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Call of Wild
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THE CALL OF
Book: The Call of the Wild
Author: Jack London, 1876–1916
First published: 1903
The original book is in the public domain in the United States and in
most, if not all, other countries as well. Readers outside the United
States should check their own countries’ copyright laws to be certain
they can legally download this ebook. The
Online Books Page
which gives a summary of copyright durations for many other
countries, as well as links to more official sources. (Links will open in a
This PDF ebook
was created by José Menéndez.
OVE OF A
OUNDING OF THE
INTO THE PRIMITIVE
“Old longings nomadic leap,
Chafing at custom’s chain,
Again from its brumal sleep
Wakens the ferine strain.”
UCK did not read the newspapers, or he would have known that
trouble was brewing, not alone for himself, but for every tide-
water dog, strong of muscle and with warm, long hair, from
Puget Sound to San Diego. Because men, groping in the Arctic darkness,
had found a yellow metal, and because steamship and transportation
companies were booming the find, thousands of men were rushing into
the Northland. These men wanted dogs, and the dogs they wanted were
heavy dogs, with strong muscles by which to toil, and furry coats to
protect them from the frost.
Buck lived at a big house in the sun-kissed Santa Clara Valley. Judge
Miller’s place, it was called. It stood back from the road, half hidden
among the trees, through which glimpses could be caught of the wide
cool veranda that ran around its four sides. The house was approached
by gravelled driveways which wound about through wide-spreading
lawns and under the interlacing boughs of tall poplars. At the rear things
were on even a more spacious scale than at the front. There were great
stables, where a dozen grooms and boys held forth, rows of vine-clad
servants’ cottages, an endless and orderly array of outhouses, long grape
THE CALL OF THE WILD
arbors, green pastures, orchards, and berry patches. Then there was the
pumping plant for the artesian well, and the big cement tank where
Judge Miller’s boys took their morning plunge and kept cool in the hot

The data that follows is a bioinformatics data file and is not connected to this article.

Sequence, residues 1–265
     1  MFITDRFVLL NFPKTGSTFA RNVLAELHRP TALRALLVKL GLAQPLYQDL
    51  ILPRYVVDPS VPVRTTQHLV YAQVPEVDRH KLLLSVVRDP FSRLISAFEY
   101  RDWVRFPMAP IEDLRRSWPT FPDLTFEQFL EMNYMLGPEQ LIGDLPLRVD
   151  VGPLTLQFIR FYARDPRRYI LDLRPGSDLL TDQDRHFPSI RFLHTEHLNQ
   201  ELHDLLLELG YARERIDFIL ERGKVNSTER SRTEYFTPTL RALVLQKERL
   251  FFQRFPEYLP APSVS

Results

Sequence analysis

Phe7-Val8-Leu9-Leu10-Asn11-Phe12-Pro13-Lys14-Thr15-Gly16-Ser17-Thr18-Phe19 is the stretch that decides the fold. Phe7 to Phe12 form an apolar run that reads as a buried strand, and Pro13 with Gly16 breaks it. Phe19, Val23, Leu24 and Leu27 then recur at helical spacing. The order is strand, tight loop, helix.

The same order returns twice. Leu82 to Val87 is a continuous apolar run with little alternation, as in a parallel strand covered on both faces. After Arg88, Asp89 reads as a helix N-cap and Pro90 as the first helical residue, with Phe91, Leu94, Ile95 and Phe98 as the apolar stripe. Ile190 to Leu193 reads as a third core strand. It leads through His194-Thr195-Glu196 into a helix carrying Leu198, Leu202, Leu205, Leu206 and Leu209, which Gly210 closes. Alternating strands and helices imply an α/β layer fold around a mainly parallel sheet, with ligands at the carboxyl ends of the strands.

And over this great demesne Buck ruled. Here he was born, and here
he had lived the four years of his life. It was true, there were other dogs.
There could not but be other dogs on so vast a place, but they did not
count. They came and went, resided in the populous kennels, or lived
obscurely in the recesses of the house after the fashion of Toots, the
Japanese pug, or Ysabel, the Mexican hairless,—strange creatures that
rarely put nose out of doors or set foot to ground. On the other hand,
there were the fox terriers, a score of them at least, who yelped fearful
promises at Toots and Ysabel looking out of the windows at them and
protected by a legion of housemaids armed with brooms and mops.
But Buck was neither house-dog nor kennel-dog. The whole realm
was his. He plunged into the swimming tank or went hunting with the
Judge’s sons; he escorted Mollie and Alice, the Judge’s daughters, on
long twilight or early morning rambles; on wintry nights he lay at the
Judge’s feet before the roaring library fire; he carried the Judge’s
grandsons on his back, or rolled them in the grass, and guarded their
footsteps through wild adventures down to the fountain in the stable
yard, and even beyond, where the paddocks were, and the berry patches.
Among the terriers he stalked imperiously, and Toots and Ysabel he
utterly ignored, for he was king,—king over all creeping, crawling,
flying things of Judge Miller’s place, humans included.
His father, Elmo, a huge St. Bernard, had been the Judge’s
inseparable companion, and Buck bid fair to follow in the way of his
father. He was not so large,—he weighed only one hundred and forty
pounds,—for his mother, Shep, had been a Scotch shepherd dog.
Nevertheless, one hundred and forty pounds, to which was added the
dignity that comes of good living and universal respect, enabled him to
carry himself in right royal fashion. During the four years since his
puppyhood he had lived the life of a sated aristocrat; he had a fine pride
in himself, was even a trifle egotistical, as country gentlemen sometimes